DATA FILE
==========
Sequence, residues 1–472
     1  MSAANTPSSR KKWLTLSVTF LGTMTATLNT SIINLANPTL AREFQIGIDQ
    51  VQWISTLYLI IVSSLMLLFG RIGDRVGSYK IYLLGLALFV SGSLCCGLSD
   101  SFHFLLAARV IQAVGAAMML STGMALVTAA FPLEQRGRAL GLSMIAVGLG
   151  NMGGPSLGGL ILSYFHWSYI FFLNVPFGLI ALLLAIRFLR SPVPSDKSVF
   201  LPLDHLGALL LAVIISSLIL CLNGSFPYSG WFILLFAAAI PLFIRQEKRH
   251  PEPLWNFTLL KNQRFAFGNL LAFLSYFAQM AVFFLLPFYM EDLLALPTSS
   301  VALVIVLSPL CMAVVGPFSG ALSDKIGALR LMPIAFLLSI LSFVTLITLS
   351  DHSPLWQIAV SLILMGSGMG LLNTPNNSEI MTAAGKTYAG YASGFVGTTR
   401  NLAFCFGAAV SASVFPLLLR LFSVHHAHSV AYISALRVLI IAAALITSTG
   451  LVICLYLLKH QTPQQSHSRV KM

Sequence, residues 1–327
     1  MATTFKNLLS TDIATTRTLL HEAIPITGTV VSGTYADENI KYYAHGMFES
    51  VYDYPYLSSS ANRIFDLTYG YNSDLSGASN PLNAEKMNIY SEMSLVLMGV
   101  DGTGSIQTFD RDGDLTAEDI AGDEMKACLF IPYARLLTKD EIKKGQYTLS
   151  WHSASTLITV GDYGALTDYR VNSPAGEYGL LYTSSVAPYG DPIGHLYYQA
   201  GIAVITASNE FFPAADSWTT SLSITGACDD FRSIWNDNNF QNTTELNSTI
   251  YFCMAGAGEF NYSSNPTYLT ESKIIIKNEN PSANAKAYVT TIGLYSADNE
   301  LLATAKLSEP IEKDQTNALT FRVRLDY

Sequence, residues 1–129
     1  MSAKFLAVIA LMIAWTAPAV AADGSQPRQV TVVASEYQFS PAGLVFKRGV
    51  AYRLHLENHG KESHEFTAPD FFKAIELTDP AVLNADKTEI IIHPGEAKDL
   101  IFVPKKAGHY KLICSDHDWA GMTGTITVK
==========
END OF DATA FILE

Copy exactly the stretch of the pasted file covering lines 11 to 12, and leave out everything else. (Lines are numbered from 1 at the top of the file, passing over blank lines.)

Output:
   451  LVICLYLLKH QTPQQSHSRV KM

Sequence, residues 1–327